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Is Twitter testing out mobile advertisements?

The 'microblogging' company, still hot among the geek set but in need of a source of revenue, indicates that it may be testing an ad strategy.

Is Twitter going to turn your mundane messages about salads, cats, and Arcade Fire concerts into revenue dollars? Signs are pointing to yes, as oddball messages appended to Twitter's microblog "tweets" indicate that the company is dabbling in text message ads. Some other folks around the tech blog world are picking up on this, and they seem to be in agreement.

Like so many things, it all started in Gotham--and, in the interest of full disclosure, it involves yours truly. On Monday morning there was a bit of New York tech-scene chit-chat over Twitter, as local entrepreneur Nate Westheimer raised the possibility of forming a band called the "Silicon Alley Cats" and put out a call for auditions. I offered to play cowbell, since it's pretty clear that the world needs more cowbell.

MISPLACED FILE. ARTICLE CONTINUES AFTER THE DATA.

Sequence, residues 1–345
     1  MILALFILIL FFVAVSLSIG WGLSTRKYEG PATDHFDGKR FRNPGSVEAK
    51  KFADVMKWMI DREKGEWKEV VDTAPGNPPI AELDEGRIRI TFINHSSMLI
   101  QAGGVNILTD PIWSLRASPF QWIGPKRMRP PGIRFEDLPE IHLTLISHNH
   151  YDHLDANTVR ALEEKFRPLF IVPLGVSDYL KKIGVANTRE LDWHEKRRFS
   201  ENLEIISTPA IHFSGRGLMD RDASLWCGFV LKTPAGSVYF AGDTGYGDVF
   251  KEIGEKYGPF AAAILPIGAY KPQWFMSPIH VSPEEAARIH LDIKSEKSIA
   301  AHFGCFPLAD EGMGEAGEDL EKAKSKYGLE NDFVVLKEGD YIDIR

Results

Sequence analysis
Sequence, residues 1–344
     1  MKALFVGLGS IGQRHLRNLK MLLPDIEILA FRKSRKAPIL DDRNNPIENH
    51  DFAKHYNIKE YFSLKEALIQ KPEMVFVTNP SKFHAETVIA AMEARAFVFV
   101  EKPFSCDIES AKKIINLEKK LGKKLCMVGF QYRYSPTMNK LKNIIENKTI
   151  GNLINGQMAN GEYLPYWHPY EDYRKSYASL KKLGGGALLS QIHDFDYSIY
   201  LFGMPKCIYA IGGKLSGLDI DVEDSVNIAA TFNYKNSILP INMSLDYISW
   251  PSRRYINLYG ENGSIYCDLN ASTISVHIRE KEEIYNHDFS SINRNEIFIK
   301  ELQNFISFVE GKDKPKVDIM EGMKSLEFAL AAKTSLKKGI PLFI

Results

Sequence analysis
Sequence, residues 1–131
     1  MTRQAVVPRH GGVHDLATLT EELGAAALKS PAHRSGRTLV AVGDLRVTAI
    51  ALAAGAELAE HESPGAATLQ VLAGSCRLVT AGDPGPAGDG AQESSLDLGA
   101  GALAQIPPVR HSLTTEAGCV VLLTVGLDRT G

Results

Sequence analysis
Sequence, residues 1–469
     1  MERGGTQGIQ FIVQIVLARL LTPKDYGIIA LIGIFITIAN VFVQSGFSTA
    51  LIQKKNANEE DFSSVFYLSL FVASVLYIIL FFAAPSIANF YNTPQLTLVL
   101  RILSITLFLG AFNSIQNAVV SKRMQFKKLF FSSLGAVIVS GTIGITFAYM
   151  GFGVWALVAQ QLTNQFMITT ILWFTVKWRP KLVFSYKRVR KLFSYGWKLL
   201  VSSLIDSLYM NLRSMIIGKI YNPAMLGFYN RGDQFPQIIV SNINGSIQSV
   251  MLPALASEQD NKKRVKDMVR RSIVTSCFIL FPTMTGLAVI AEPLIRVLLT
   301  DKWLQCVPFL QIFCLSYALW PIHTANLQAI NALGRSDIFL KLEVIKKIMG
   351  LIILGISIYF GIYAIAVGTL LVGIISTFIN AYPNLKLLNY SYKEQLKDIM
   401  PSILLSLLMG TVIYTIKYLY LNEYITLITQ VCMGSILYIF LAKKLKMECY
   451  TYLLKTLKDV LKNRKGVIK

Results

A fellow New Yorker, Charlie O'Donnell, received my claim to musical talent on his cell phone and noticed something curious--a "tip" below my "tweet," utilizing the remaining characters of the text message length allocation to say "Wow, you look good." Curious as to what it meant, O'Donnell posted a screenshot online. (It's also a rare glimpse behind the velvet rope of my friends-only Twitter feed. Enjoy it while it lasts.) He speculated that Twitter is testing out the potential for inserting advertisements at the bottom of "tweets," a way to solve its somewhat pressing revenue problem and actually rake in some cash.

I've sent out a message to Twitter (through e-mail, not a tweet, mind you) in order to find out exactly what's up.

Charlie O'Donnell/thisisgoingtobebig.com

It seems a little invasive.

I have no idea why Twitter decided that I should be telling O'Donnell that he looks good when I can't actually see that and judge it for myself (though I'm sure he looked great this morning). Likewise, if it were an ad, I'd feel kind of uneasy about it. But if mobile advertising really is the gold mine that we're all hearing it is, we should probably get used to this sort of thing.

For the record, I don't actually know how to play the cowbell.